Scene from David Lynch’s Mullholland Drive. ‘“Crying” in Mulholland Drive transcends barriers that would normally alienate an audience: language and aesthetic approach. It exists purely as naked, enthralling performance, demonstrating the entrancing power of emotion in film.’ Read more here.
Sometime ideas, like men, jump up and say ‘hello’. They introduce themselves, these ideas, with words. Are they words? These ideas speak so strangely. All that we see in this world is based on someone’s ideas. Some ideas are destructive, some are constructive. Some ideas can arrive in the form of a dream. I can say it again: some ideas arrive in the form of a dream…
… There is a sadness in this world, for we are ignorant of many things. Yes, we are ignorant of many beautiful things — things like the truth. So sadness, in our ignorance, is very real. The tears are real. What is this thing called a tear? There are even tiny ducts — tear ducts — to produce these tears should the sadness occur. Then the day when the sadness comes — then we ask: “Will this sadness which makes me cry — will this sadness that makes me cry my heart out — will it ever end?” The answer, of course, is yes. One day the sadness will end.
— David Lynch’s Log Lady, in Twin Peaks
Lykke Li is a worthy successor to Julee Cruise. The Big Dream, the new album from David Lynch, will be released on 15 July 2013.
Concept by Lykke Li and Daniel Desure
Edited by Jesse Fleming and Sadie Strangio
DP – Nicholas Trikonis
Designer – Michelle Park
I watched two incredible films tonight, Schizophonia and The Third Man, courtesy of Anette Hoffmann and the Archive & Public Culture Platform at UCT, with the kind permission of musician, composer and performance artist, Erik Bünger, who made the films.
In each film, Bünger both analyses and plays with the uncanny, magical potency of sound as recorded medium. Everything he does is underpinned by formidable quantities of research, a fondness for outrageously rhizomatic linkages and a wicked sense of humour. Definitely my new art crush of the month! ;)
Here’s a video of Bünger giving a lecture/performance which utilises much of the material presented in the standalone film, Schizophonia. This was recorded at MEDEA, Malmo University, in March 2011, as part of the K3 courses “Music in the Digital Media Landscape” and “Illustrating with Music”.
I really WISH I could find more of The Third Man to share here – it was tremendously entertaining, and, even off on its most questionable, occult-paranoid tangents, bizarrely pertinent to so much of the stuff about performance, recording and playback of music that I’ve been posting and thinking about in the past few years; even down to an hilarious discussion of the “entraining” (his word) power of The Sound Of Music (my post this afternoon prefigured this too, eerily!).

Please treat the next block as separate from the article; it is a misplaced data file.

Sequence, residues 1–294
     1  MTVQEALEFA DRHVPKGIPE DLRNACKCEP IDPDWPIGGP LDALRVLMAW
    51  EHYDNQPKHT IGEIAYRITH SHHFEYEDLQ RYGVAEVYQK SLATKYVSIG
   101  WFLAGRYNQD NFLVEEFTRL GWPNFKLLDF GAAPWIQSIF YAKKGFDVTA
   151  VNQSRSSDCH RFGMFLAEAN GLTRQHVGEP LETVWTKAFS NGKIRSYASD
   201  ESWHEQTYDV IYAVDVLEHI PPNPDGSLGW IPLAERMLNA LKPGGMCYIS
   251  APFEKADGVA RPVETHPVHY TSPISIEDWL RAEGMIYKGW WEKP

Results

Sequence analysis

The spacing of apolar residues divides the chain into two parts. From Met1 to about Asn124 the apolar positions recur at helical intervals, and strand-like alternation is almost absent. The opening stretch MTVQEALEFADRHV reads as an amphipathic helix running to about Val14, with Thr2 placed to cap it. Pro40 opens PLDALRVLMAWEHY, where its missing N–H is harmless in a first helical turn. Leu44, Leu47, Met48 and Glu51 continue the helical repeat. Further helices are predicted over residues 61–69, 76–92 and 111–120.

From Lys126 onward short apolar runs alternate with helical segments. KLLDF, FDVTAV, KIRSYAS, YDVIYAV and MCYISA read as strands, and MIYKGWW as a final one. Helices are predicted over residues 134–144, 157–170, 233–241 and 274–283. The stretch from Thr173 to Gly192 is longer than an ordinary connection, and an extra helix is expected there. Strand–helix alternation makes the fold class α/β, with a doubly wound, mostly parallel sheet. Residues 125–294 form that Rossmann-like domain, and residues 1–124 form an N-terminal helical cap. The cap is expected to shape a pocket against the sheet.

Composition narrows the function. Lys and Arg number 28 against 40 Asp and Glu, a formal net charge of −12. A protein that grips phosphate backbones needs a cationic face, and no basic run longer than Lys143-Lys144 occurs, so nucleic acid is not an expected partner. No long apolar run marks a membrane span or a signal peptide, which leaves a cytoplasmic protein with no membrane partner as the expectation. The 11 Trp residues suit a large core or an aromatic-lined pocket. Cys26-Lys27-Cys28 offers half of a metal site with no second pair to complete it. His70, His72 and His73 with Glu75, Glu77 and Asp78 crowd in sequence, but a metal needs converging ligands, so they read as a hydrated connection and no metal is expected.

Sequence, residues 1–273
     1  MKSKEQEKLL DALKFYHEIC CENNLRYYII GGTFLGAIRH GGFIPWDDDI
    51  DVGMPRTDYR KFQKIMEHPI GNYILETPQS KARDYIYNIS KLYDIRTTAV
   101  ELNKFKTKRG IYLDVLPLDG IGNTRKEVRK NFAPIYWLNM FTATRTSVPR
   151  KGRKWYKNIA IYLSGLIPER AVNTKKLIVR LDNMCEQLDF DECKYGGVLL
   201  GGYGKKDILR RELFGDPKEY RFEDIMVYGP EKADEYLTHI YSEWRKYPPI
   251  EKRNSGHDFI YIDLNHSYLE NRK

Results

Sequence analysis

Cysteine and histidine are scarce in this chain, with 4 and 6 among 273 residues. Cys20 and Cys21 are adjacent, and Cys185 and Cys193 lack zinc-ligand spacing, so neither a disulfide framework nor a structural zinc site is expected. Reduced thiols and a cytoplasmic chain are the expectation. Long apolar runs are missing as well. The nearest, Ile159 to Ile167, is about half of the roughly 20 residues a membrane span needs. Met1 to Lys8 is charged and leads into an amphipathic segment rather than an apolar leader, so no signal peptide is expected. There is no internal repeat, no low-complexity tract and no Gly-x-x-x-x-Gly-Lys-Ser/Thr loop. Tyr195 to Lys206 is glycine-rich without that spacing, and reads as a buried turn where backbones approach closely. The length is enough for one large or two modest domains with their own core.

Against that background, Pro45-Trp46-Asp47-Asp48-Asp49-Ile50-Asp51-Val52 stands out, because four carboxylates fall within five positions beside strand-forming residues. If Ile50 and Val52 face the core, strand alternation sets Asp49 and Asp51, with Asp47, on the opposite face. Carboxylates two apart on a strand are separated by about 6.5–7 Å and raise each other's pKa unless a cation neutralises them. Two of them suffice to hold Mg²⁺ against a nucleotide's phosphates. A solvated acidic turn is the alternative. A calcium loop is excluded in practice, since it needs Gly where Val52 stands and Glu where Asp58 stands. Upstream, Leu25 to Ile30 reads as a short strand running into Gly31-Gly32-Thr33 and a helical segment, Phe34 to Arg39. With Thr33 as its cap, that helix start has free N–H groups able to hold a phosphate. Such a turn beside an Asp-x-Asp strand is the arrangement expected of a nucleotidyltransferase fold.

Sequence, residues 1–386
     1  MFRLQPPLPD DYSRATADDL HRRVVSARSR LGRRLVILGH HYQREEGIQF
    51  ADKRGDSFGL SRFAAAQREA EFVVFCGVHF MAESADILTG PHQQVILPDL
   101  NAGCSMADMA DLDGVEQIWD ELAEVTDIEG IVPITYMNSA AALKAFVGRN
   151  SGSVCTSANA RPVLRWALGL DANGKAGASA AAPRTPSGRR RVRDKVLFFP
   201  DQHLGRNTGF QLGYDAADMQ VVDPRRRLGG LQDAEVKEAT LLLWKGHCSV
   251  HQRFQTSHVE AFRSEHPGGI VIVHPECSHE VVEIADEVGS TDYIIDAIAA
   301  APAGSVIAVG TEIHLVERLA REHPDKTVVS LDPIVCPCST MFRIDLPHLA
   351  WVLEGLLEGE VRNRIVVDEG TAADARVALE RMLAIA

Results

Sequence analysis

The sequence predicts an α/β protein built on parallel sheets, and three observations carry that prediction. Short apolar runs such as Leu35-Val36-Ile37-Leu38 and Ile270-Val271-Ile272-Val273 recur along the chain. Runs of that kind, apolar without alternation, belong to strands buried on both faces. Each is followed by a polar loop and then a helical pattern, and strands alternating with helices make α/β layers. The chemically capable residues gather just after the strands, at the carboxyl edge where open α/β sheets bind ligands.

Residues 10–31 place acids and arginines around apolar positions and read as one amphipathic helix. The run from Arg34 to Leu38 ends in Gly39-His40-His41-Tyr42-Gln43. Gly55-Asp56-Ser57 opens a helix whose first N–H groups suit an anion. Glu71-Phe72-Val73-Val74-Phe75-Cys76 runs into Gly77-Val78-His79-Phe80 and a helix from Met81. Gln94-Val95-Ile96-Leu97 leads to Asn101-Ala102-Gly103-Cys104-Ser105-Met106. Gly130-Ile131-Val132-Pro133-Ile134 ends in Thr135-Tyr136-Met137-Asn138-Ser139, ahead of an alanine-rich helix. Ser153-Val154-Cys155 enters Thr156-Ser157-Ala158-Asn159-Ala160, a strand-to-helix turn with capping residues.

Anyway, you can watch the lecture:
And here’s a bio:
The Swedish artist, composer, musician and writer Erik Bünger (1976) works with re-contextualising existing media in performances, installations and web projects. In ‘Gospels’, sections of Hollywood interviews are removed from their original contexts, interacting to form a new, seemingly coherent whole. Yet these pre-existing works frequently conflict; Bünger explores the disjunction between replaying and experiencing in his ‘Lecture on Schizophonia’. This simultaneously analytical and performative work highlights the relationship between sound and perceived reality, using popular references and familiar footage including Barak Obama and Woody Allen. Similar tensions are exposed in ‘God Moves on the Water’, in which two songs about the sinking of the Titanic are combined to form a third narrative. In ‘The Third Man’, the negative power of music is explored. Displacing and recombining familiar material, Bünger challenges the separation between authentic and simulated experiences.
Bünger may have followed a traditional education in composition at the Stockholm Royal College of Music, but he is hardly a run-of-the-mill composer. His works have increasingly come to approach contemporary conceptual art, but his combination of sound and visual is also linked to literary storytelling. In his performances, installations and web projects, different timelines are superposed, past worlds and present understandings. The most important thing about Bünger’s work is not the art or literature context but the transformation that takes place in the specific works. What may seem trivial and inconsequential suddenly becomes the stuff of dreams. He is attracted to moments when recorded sound and image bridge a space between absolutes, between death and life and between gods and humankind. –
This info comes from http://expo.argosarts.org/